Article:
median progression-free survival in these groups was 10.1, 6.5 and 5.6 months (P = 0.16), respectively. The median overall survival was 20.1, 11.4 and 6.5 months, respectively (P = 0.004). Our study confirmed the prognostic value of GPS in mCRC patients receiving chemotherapy plus bevacizumab. Given the poor survival observed in patients with an GPS of 2, studies dedicated to these patients could identify optimal treatment modalities. Anti-Cancer Drugs 25:1215–1219 © 2014 Wolters Kluwer Health | Lippincott Williams & Wilkins.

Introduction

beyond progression, with an acceptable increase in toxicity [4].

Colorectal carcinoma is the third most commonly diagnosed cancer in men and second in women, with over 96 000 new cases and 50 300 deaths each year in the USA [1]. Approximately 14.5% of patients have liver metastases at the time of diagnosis. In addition, more than 20% of the patients will experience metastatic disease [2]. The prognosis of metastatic colorectal carcinoma (mCRC) is generally poor, with a 5-year overall survival (OS) inferior to 5%. The OS in patients with mCRC increased from 6 to 16 months with the addition of oxaliplatin and irinotecan to 5-fluorouracil. From 2003, the addition of bevacizumab to this backbone of conventional chemotherapy has allowed reaching a median OS of 22 months [3]. Besides, bevacizumab, a monoclonal antibody to the vascular epidermal growth factor (VEGF), improves progressionfree survival (PFS) in the first or the second lines, and 0959-4973 © 2014 Wolters Kluwer Health | Lippincott Williams & Wilkins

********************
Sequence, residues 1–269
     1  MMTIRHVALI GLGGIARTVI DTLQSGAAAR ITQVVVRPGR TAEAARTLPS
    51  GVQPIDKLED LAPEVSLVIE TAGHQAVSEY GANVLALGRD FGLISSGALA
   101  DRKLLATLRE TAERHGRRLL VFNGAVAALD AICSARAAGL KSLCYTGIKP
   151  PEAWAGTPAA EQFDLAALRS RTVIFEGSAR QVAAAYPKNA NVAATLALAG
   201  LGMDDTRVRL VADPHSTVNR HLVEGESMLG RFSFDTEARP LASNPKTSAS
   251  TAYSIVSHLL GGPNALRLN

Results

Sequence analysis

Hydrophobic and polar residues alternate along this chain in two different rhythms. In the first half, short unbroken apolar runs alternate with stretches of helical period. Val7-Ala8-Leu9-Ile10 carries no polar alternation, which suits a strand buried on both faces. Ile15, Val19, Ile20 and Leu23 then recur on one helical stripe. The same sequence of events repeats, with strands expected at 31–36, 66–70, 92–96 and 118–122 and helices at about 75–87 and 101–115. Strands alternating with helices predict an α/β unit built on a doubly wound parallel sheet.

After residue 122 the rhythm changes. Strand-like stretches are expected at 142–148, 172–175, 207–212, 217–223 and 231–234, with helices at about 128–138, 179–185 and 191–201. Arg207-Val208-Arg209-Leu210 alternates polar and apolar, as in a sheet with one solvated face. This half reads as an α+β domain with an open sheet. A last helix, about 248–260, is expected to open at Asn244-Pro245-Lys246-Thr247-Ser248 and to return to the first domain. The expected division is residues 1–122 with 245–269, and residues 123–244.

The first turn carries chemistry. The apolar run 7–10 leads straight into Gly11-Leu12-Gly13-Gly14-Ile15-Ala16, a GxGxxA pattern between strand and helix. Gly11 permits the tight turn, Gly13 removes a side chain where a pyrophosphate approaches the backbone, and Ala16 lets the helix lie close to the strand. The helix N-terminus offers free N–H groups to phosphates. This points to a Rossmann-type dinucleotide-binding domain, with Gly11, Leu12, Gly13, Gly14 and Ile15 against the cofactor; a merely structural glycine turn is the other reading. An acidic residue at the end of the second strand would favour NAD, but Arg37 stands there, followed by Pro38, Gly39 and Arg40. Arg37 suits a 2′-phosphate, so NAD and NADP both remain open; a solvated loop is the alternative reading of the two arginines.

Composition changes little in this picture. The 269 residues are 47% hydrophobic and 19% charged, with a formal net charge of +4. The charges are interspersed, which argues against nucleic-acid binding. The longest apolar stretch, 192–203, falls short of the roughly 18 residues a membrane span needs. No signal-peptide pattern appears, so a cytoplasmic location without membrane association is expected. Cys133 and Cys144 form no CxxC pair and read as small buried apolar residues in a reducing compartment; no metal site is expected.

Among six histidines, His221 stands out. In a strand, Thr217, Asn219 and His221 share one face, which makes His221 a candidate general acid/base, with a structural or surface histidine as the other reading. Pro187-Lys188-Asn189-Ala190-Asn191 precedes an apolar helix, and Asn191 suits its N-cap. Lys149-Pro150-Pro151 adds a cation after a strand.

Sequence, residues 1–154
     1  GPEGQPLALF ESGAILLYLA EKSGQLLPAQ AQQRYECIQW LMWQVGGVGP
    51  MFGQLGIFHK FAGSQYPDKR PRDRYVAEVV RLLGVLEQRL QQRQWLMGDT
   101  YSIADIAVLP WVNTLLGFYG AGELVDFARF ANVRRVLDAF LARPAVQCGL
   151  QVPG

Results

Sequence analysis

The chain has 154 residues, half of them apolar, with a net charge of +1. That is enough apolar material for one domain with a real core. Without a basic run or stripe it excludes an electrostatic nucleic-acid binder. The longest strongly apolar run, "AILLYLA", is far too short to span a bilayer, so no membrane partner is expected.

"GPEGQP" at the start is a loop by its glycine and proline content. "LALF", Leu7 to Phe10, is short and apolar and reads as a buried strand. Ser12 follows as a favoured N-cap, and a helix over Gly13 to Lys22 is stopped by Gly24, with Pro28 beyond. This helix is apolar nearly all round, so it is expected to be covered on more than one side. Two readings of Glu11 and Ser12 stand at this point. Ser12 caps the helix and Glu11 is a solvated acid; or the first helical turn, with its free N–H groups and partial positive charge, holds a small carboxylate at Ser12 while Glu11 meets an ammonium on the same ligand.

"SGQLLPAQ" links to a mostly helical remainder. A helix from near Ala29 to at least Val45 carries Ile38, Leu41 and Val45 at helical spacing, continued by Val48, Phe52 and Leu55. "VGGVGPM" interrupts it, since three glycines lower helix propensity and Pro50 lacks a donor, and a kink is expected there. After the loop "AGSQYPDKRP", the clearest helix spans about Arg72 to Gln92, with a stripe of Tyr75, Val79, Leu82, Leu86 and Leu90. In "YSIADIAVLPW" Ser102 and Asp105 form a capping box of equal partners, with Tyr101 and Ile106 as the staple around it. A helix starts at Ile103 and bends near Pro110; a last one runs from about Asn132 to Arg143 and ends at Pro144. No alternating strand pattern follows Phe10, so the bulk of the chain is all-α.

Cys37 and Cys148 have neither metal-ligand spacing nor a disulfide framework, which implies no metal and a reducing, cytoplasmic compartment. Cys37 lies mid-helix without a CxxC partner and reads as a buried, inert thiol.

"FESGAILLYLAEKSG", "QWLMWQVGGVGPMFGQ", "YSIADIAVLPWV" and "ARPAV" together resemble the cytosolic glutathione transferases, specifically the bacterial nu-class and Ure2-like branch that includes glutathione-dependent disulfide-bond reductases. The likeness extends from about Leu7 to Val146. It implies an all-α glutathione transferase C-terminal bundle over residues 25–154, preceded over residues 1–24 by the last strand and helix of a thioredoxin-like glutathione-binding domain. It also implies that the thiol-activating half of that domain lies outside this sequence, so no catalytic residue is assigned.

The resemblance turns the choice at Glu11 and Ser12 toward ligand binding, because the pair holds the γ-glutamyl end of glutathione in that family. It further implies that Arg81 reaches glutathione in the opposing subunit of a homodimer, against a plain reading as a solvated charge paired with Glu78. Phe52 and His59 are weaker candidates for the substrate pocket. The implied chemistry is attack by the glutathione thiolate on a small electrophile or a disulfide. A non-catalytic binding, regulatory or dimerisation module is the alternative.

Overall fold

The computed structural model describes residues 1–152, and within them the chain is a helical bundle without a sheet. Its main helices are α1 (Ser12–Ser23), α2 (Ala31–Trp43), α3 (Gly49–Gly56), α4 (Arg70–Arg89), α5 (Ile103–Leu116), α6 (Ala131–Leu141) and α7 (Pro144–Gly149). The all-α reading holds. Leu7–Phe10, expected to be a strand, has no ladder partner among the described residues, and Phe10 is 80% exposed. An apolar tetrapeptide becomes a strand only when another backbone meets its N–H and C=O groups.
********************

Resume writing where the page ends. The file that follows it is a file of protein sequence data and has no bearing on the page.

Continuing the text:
Anti-Cancer Drugs 2014, 25:1215–1219 Keywords: bevacizumab, chemotherapy, Glasgow Prognostic Score, metastatic colorectal carcinoma, performance status a